Take A Letter, Maria

The explosion of email has made many Luddites (hi, Dad!) complain that the art of letter-writing is gone forever. Not so, I say; emails, when written with care, can be just as creative, informative, and loving as the best of snail mail (hi, Dad, again!).

Writing letters was a crucial part of any lady’s day; she couldn’t just pick up the phone and call her girlfriend in London. She had to sit down at her escritoire, locate a sheet of paper and a freshly-sharpened pen, and write. We have letters from the period available to read, and they are as mundane as what the family ate for dinner the night before and as provocative as detailing the pros and cons of various suitors.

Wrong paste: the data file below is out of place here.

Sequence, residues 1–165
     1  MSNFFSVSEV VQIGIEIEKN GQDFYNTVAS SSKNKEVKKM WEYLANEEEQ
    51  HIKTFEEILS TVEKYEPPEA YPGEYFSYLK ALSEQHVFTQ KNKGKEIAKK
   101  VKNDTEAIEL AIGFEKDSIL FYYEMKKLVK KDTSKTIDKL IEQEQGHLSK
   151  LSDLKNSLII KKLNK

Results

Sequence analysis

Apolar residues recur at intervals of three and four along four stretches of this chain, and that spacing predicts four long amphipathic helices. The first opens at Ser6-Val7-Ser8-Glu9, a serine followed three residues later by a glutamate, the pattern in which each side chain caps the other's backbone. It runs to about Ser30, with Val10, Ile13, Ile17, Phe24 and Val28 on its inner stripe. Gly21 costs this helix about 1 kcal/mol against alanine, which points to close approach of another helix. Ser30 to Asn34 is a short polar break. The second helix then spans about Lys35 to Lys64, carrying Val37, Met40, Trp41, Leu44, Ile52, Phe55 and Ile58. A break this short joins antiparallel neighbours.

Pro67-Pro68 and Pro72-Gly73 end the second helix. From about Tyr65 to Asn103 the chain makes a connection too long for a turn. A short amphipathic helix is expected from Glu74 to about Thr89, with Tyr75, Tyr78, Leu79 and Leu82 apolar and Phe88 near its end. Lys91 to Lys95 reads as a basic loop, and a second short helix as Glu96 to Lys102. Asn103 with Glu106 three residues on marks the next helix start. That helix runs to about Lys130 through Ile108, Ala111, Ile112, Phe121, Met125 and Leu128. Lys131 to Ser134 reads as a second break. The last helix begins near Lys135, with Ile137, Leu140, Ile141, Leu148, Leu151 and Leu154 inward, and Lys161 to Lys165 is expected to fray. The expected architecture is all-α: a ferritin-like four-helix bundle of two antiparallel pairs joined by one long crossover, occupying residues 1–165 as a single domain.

Letters are an easy way to tell a story, albeit an overdone one; the bane of Cara‘s existence, Samuel Richardson‘s Clarissa, is written entirely in letters. Current Regency authors frequently use letters to reveal characters’ history without doing the dreaded backstory dump.

And, coincidentally enough (honestly! I started writing this post first!), I’ve just started reading Karen Ranney‘s Till We Meet Again, with a crucial plot point revolving around the identity of the person who wrote some letters. Our own Janet‘s Dedication has that as well.

Do you still write letters? How about creative, interesting and correctly-written emails? Do you like reading letters in books? Which are your favorites?

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Megan
www.meganframpton.com

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